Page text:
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An Exploration of Embodied Visual Exploration


Embodied computer vision considers perception for robots in novel, unstructured environments. Of particular importance is the embodied visual exploration problem: how might a robot equipped with a camera scope out a new environment? Despite the progress thus far, many basic questions pertinent to this problem remain unanswered: (i) What does it mean for an agent to explore its environment well? (ii) Which methods work well, and under which assumptions and environmental settings? (iii) Where do current approaches fall short, and where might future work seek to improve? Seeking answers to these questions, we first present a taxonomy for existing visual exploration algorithms and create a standard framework for benchmarking them. We then perform a thorough empirical study of the four state-of-the-art paradigms using the proposed framework with two photorealistic simulated 3D environments, a state-of-the-art exploration architecture, and diverse evaluation metrics. Our experimental results offer insights and suggest new performance metrics and baselines for future work in visual exploration. Code, models and data are publicly available.

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  1. 1.

    See Appendix G for more details on how landmarks are mined.

  2. 2.

    We select area visited because it is a simple metric that does not require additional semantic annotations.

  3. 3.

    The NRC values may be larger than 1.0 for learned methods. This is due to domain differences between the inferred occupancy used in training and the GT occupancy used in testing.

  4. 4.

    RANSAC implementation:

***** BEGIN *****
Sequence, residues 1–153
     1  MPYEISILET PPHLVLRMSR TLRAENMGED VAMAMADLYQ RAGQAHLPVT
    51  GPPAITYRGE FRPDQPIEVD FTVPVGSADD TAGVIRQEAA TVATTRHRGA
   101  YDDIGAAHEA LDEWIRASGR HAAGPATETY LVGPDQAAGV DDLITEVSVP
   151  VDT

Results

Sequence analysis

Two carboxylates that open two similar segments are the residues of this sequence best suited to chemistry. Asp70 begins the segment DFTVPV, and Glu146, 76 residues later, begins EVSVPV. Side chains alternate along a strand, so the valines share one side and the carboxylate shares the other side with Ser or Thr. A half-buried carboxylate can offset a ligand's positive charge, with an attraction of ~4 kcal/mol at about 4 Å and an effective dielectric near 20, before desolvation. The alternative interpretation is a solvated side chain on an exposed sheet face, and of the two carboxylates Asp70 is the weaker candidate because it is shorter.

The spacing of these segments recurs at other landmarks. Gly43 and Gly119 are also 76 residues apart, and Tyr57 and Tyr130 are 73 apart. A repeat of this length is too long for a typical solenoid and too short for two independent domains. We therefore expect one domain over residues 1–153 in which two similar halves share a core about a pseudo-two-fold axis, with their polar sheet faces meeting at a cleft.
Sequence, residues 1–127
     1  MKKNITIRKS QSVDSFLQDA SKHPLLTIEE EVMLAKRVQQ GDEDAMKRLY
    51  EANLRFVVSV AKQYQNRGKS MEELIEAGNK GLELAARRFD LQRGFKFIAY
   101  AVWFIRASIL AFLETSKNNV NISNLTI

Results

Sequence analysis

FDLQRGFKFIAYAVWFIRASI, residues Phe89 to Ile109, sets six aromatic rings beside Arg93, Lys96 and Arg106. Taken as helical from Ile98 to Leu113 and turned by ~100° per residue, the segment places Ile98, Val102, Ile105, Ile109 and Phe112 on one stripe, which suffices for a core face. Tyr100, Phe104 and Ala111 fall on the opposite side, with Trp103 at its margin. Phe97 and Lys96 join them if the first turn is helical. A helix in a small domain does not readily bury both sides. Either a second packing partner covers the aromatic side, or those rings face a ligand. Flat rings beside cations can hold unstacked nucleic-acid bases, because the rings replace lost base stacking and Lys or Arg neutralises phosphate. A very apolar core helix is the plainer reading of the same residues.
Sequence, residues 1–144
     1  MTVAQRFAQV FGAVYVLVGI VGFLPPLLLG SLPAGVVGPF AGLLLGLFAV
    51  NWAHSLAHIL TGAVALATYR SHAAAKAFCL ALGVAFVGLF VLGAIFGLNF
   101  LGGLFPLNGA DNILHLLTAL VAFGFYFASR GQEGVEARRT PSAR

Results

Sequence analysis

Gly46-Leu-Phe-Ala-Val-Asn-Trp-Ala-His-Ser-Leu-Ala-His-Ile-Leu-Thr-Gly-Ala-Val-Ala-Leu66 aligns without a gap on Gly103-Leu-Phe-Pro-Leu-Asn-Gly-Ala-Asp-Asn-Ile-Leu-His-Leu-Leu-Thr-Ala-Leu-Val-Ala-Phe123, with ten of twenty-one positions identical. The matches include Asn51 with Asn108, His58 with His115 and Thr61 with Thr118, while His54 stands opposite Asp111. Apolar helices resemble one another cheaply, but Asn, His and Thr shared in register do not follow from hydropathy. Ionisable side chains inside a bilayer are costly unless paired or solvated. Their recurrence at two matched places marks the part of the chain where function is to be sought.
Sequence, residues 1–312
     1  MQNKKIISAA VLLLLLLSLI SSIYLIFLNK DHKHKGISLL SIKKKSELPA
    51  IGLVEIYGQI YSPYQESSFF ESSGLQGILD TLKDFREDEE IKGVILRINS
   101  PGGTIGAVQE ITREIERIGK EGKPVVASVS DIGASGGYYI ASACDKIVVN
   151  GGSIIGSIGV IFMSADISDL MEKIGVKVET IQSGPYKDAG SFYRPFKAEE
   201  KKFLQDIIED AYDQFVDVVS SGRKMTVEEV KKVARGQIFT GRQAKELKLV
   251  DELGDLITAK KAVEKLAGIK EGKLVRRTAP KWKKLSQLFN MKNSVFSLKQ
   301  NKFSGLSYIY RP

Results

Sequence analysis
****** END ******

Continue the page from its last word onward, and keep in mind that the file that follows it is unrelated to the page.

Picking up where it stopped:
5. 5.

    See for a well-tuned implementation.

  6. 6.

    Examples of AVD object instances:


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UT Austin is supported in part by the NSF AI Institute on Foundations of Machine Learning, DARPA Lifelong Learning Machines, and the GCP Research Credits Program. The authors thank Ziad-Al Halah for the helpful discussions. The authors thank Tao Chen for clarifying details about the exploration architecture implementation.

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Correspondence to Santhosh K. Ramakrishnan.

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Communicated by Torsten Sattler.

Supplementary Information

Below is the link to the electronic supplementary material.

Supplementary material 1 (mp4 19332 KB)



We provide additional information to support the text from the main paper. In particular, the appendix includes additional details regarding the following key topics:

Section A: Downstream task transfer

Section B: Criteria for visiting objects and landmarks

Section C: Hyperparameters for learning exploration policies

Section D: Comparative study of different coverage variants

Section E: Frontier-exploration algorithm

Section F: Generating difficult testing episodes for PointNav

Section G: Automatically mining landmarks

Section H: The factors influencing exploration performance

Section I: Measuring the correlation between different metrics